A pastor summarizes a new book published by The Foundry Publishing that will give readers a deeper glimpse of who Jesus is.
The book Following Jesus: Prophet, Priest, King, is a compilation of twelve reflections addressing various aspects of following Jesus in the contemporary world. The twelve chapters contained in Following Jesus, each written by a different author, were compiled and edited by Timothy R. Gaines and Kara Lyons-Pardue. Dr. Gaines currently serves as university pastor at Trevecca Community Church and associate professor of religion at Trevecca Nazarene University in Nashville, Tennessee. Dr. Lyons-Pardue currently serves as associate professor of New Testament at Point Loma Nazarene University. Additional contributors to the volume include Dick O. Eugenio, Timothy Green, Timothy L. P. Hahn, Ryan L. Hansen, Diane Leclerc, Stephanie Smith Matthews, Gift Mtukwa, Amy Peeler, Mary K. Schmitt, and David Young.
Accessible to a broad audience but perhaps of greatest interest to church leaders, Following Jesus explores Christlike discipleship within the framework of what the ancient Christian historian Eusebius of Caesarea referred to as Christ’s “threefold office” as prophet, priest, and king. These three roles of Jesus serve as a kind of thematic grid that provides structure to the book and unity to its twelve individual essays, each of which could stand on its own. The overarching theme of the book is summarized by Lyons-Pardue in the introduction: “This book . . . seeks to investigate who Jesus is in each role and what implications for us these parts of Jesus’ identity have for following Him” (13).
The only chapter of Following Jesus standing outside of its three major sections is the opening chapter by Gaines, in which he makes the case that following Jesus is a matter of taking a particular path. By this, Gaines explains that “when we are talking about Jesus, we are talking about a real-life, human person who offers His followers a very particular way to follow. In other words, His in-the-flesh existence resists our efforts to make Him into something He is not because, as a particular person, He did and said certain things, and those things must inform the way we follow Him” (21-22).
Gaines’s reflection on the “particularity” of Christian discipleship thus serves as a fitting introduction to the eleven chapters that follow, each of which highlights a different aspect of following the particular path of Jesus within His prophetic, priestly, and kingly roles.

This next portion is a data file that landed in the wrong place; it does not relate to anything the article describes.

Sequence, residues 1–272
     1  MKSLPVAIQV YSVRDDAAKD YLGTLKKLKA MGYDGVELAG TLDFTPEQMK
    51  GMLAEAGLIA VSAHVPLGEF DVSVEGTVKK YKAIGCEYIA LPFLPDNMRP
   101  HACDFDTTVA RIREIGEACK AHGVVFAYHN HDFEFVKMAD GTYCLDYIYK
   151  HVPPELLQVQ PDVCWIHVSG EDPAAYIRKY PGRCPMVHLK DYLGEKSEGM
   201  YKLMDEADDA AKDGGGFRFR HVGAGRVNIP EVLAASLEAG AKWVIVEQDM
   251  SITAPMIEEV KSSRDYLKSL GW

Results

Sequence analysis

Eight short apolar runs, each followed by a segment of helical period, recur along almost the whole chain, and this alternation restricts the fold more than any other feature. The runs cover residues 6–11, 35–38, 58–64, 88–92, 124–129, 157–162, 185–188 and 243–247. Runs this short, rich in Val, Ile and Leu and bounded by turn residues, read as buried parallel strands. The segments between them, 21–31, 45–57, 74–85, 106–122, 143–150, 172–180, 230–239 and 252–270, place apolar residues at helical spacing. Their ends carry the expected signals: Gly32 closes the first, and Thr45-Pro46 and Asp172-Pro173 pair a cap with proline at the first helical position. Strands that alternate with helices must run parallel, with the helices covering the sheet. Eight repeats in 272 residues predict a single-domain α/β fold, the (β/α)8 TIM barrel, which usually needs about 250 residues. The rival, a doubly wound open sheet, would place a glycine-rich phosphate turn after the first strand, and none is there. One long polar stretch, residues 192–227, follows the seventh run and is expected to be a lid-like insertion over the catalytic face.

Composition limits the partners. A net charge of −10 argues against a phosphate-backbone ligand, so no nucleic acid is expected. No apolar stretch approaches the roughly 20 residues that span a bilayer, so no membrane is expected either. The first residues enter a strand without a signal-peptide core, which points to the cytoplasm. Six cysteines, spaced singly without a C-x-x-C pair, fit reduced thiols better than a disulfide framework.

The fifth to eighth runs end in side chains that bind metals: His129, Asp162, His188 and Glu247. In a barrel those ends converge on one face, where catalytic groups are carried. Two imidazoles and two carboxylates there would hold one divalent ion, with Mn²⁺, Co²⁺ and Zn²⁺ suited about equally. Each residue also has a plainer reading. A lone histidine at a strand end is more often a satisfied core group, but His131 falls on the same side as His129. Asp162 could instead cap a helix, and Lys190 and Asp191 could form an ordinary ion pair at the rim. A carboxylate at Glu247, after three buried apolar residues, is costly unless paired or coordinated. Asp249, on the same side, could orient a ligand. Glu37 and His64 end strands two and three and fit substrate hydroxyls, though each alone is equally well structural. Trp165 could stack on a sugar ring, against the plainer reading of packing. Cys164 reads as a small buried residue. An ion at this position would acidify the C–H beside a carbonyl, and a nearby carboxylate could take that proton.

The first section, “Prophet,” includes contributions from Green, Smith Matthews, and Lyons-Pardue. In this section, the writers give attention to the role of Jesus as prophet and its implications for following Jesus with prophetic imagination and for welcoming women. The second section addresses the role of Jesus as “Priest,” with chapters by Peeler, Leclerc, Eugenio, and Mtukwa, exploring the priestly role of Jesus as revealed in His crucifixion, His ministry of reconciliation, and His life of holiness. The final section, “King,” highlights Jesus’ kingly role. Essays from Young, Schmitt, Hahn, and Hansen address the kingdom of God, politics, and praise and worship.
Everyone invested in the mission of the Church of the Nazarene to make Christlike disciples in the nations would do well to read this book and reflect on its many messages.
The contributors to Following Jesus have rendered a great service to the church by pointing us back to the particular Nazarene revealed in the New Testament and challenging us to take our discipleship cues from Him. The real value of the book is found in this Jesus-centered focus, coupled with the fresh insights for discipleship generated by reflecting on each topic through the lens of Jesus’ threefold roles.
Gaines, Lyons-Pardue, and their team of writers have by no means exhausted every possible theme that could fall within this rubric, but the themes they have touched on should prove to be good conversation starters for small groups and Sunday school classes, and they certainly carry the potential to inspire further reflections on additional aspects of Christian discipleship. For pastors like me, the clear tripartite structure of the book and the scriptural insights of the authors in each section lend itself nicely to the possibility of a future series of sermons organized around the three roles.
Following Jesus is an effective and useful resource that offers both familiar and new ways to understand the holy mission handed down to us. The benefits will accrue mostly because Following Jesus will gently force readers once more to think about discipleship in light of Jesus Himself—our fiery prophet, our great high priest, and our one true king.
Ryan Giffin is lead pastor at Village Community Church in Kansas City, Kansas, USA.
Following Jesus: Prophet, Priest, and King is available to order through The Foundry Publishing online or by phone at 800.877.0700.
Holiness Today, Jan/Feb 2019